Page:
Failing Our Dental Profession: Part 3
For the longest time, we believed failing the dental profession meant not preventing cavities. Now, it seems this may not be the case, especially as the role of occlusal disease in loss of tooth structure becomes more evident.
Let me be the first to say it out loud in hopes that others will feel safe in joining me knowing they are not alone. OCCLUSION CAN BE HARD AND COMPLICATED! Whew, I feel better. Let me also say my belief is that it is our duty to our profession and to our patients to figure it out.
If we can all agree occlusal disease is a major problem and admit that maybe we have not held up our end of the bargain in making our #1 interest the same as our patient’s #1 interest, then and only then can we start to turn the ship around.
The Dental Profession & Occlusion: A Challenge to Uphold Our End of the Bargain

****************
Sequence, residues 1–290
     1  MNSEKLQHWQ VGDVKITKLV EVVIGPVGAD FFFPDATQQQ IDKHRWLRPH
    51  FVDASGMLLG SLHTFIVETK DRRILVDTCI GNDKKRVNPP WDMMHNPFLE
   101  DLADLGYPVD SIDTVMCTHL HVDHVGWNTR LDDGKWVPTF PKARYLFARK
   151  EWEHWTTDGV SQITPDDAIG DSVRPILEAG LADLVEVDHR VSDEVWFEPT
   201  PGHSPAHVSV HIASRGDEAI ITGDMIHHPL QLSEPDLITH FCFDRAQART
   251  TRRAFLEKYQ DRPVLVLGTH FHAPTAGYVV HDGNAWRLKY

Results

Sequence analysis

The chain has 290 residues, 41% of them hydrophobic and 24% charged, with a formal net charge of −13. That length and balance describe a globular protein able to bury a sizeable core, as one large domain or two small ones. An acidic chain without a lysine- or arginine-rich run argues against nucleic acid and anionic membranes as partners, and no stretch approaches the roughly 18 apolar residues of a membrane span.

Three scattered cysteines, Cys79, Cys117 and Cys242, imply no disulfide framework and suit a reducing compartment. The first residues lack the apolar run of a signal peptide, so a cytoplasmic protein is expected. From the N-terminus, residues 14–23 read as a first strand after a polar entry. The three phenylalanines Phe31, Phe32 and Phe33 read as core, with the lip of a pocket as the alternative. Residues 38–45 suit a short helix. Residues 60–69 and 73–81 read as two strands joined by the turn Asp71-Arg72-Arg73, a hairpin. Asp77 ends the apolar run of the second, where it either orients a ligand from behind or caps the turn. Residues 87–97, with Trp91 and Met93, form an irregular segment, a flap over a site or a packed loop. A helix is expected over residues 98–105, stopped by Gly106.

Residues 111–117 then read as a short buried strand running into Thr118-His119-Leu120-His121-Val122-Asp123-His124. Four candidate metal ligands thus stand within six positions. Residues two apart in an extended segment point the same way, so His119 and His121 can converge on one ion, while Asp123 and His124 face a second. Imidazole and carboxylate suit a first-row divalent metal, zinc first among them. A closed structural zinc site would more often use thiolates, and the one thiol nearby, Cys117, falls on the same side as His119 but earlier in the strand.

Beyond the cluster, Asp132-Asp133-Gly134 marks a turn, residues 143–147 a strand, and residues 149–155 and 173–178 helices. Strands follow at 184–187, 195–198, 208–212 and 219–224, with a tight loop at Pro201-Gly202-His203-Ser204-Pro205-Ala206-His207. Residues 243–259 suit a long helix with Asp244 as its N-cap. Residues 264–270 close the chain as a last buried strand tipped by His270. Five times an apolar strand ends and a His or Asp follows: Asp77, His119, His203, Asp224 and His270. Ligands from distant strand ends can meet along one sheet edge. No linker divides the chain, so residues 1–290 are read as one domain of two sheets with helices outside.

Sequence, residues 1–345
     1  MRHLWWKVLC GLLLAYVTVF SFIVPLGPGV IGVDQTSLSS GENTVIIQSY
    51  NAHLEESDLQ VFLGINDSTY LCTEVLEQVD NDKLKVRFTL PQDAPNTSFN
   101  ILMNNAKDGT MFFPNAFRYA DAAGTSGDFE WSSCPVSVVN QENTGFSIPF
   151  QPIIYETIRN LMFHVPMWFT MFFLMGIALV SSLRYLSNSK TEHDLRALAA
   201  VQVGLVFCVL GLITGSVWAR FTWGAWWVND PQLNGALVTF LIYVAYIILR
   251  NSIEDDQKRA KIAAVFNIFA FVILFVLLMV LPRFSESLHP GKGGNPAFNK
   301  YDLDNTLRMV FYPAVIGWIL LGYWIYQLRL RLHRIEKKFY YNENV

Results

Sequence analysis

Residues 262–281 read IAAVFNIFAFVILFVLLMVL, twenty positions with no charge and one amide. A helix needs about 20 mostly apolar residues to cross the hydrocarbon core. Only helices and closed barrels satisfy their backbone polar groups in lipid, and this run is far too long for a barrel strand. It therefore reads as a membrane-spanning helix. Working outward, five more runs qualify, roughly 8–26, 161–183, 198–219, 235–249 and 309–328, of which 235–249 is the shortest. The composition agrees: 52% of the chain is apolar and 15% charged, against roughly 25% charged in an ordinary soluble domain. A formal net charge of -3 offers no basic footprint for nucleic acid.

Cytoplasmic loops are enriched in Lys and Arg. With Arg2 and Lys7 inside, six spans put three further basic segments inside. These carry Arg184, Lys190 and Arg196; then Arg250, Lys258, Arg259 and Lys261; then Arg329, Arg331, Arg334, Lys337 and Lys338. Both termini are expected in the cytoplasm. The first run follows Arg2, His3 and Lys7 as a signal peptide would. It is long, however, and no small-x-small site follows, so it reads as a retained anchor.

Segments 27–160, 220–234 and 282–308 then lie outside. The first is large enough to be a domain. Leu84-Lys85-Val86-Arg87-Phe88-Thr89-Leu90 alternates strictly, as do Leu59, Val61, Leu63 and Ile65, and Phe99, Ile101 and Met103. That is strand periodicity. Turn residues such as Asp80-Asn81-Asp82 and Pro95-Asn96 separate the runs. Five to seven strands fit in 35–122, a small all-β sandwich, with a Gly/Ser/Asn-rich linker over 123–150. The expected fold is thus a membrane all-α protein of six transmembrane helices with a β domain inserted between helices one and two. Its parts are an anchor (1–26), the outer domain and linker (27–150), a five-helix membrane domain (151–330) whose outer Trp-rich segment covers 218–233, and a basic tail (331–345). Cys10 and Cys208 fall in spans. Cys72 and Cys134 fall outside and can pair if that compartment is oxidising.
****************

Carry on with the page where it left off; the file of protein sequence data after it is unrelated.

I hear the arguments and excuses: Patients cannot afford treatment, patients are just not interested in doing what is necessary, or the patient population and demographic is just different, etc. Trust me, I get it. I practice every day in the statistically proven poorest, unhealthiest, least educated, highest existing medical debt state in the country.
But here is my challenge to myself and to others. Maybe we have not held up our end of the bargain for this generation. Let’s not make the same mistake for the next generation. Let’s all agree to continue to educate ourselves on this topic so that we can better help the next generation before it’s too late.
Can we all agree that prevention is the best method? That occlusal disease does not happen overnight? Have you ever had a patient in your chair say, “No dentist has ever told me that before,” as you are describing their occlusal disease?
Let’s do better for the next generation and leave this profession better than we found it.
How do you ensure lasting health for your patients? We’d love to hear from you!